Protect Home from Crickets
Crickets are the most noticeable late
in the summer and in the fall. That is because then is when the population
builds and they reach maturity. Most cricket eggs are laid in the
fall in damp soil, with each female laying from 150-400 eggs. They
hatch in the spring, becoming adults in July and August, and start
the life cycle over again.
It is usually after the crickets have entered the house that most
people really notice them or have complaints. Usually it is the
noise that the crickets make, especially at night that is bothersome.
But, they can be more of a nuisance if they cause feeding damage
indoors. Crickets feed on dead and dying insects, seeds, fruits
and other outdoor debris. But they can also feed on items inside
the home, such as fabric, paper, wool, linen, and other common materials.
As the weather turns cooler, crickets migrate towards the warmth
of buildings. They can enter through cracks and crevices in the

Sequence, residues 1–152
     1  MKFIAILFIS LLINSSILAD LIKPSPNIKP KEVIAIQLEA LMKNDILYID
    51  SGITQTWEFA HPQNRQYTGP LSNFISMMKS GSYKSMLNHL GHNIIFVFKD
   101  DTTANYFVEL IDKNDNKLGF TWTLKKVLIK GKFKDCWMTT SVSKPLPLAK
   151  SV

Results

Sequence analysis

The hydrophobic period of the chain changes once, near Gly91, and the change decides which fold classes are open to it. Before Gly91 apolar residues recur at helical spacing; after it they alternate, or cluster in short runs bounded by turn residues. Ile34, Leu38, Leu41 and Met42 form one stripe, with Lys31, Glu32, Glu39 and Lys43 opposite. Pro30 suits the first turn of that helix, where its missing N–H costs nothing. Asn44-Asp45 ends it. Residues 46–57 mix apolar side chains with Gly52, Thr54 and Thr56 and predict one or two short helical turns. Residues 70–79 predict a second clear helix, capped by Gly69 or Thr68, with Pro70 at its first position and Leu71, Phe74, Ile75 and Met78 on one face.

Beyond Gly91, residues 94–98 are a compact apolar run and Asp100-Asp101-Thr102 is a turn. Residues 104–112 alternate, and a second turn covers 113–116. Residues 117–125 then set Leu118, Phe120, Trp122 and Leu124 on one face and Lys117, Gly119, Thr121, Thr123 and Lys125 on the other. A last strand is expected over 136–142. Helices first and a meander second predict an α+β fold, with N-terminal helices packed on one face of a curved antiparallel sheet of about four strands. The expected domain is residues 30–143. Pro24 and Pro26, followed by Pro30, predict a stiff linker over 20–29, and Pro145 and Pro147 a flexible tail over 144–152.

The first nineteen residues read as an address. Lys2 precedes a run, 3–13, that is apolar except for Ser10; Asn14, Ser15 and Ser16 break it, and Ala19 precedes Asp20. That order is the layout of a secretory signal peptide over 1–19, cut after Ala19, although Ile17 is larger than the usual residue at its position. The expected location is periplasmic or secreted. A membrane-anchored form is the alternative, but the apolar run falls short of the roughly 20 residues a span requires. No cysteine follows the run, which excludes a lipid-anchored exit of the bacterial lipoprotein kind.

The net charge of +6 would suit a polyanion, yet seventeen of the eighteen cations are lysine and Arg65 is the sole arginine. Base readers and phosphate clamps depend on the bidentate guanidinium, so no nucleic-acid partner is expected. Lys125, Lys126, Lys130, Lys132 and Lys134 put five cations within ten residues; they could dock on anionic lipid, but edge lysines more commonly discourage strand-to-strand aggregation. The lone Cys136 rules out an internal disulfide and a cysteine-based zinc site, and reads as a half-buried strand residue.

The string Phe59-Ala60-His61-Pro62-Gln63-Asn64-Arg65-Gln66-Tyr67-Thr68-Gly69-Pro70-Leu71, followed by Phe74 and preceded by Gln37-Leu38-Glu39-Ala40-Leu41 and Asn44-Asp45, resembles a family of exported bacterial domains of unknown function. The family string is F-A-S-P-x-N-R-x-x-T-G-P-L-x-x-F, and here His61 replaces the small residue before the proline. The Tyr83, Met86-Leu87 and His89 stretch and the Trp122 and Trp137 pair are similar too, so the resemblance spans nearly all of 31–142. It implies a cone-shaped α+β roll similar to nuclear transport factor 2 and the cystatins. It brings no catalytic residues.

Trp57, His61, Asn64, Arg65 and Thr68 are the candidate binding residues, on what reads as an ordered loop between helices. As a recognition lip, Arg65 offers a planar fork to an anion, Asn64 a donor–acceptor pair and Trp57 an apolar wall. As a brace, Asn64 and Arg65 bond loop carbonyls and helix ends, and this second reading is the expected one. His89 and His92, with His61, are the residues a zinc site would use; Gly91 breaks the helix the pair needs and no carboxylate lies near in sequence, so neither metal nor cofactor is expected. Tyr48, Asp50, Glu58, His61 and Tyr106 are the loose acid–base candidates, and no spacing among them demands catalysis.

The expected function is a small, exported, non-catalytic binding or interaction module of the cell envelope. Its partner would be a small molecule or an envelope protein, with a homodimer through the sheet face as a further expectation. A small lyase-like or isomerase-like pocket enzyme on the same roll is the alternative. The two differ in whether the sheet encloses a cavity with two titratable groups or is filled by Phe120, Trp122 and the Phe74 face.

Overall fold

foundation or poorly sealed door thresholds and windows. They usually
don't live very long while inside, but can cause damage before dying
in the early winter. Unlike other home invaders, such as earwigs
and boxelder bugs, which do not survive indoors, crickets do feed
indoors and can live for a longer period of time than the other
Homeowners should check the house foundation for cracks, which
need sealing to help reduce entry of home-invading insects. If pesticides
are chosen for control, the foundation and adjacent soil can be
treated with a properly labeled insecticide to create a control
barrier outside the house. Indoors, ready-to-use aerosol sprays
can provide some control. Spray along the baseboards and other potential
crawling and hiding places. Be sure to read and follow all label
directions and precautions when using any pesticides.
Pesticide treatments cannot replace proper home maintenance and
sanitation. Besides checking the foundation, doorways, windows and
other entry points, remove debris such as dead grass and fallen
leaves near the foundation to help eliminate hiding places. Keep
firewood at least several feet from the foundation. Be sure to keep
food odors from garbage cans, grills, etc. to a minimum near the
house. Reduce damp areas near or in the house, such as leaky pipes,
which the insects favor for hiding. Also, lights attract crickets,
as well as other insects, so be judicious in the use of lighting
near the house.
October - November 2003:
| Does Your Ash Tree Have the Emerald Ash Borer?
| Chrysanthemums | Protect Home From Crickets �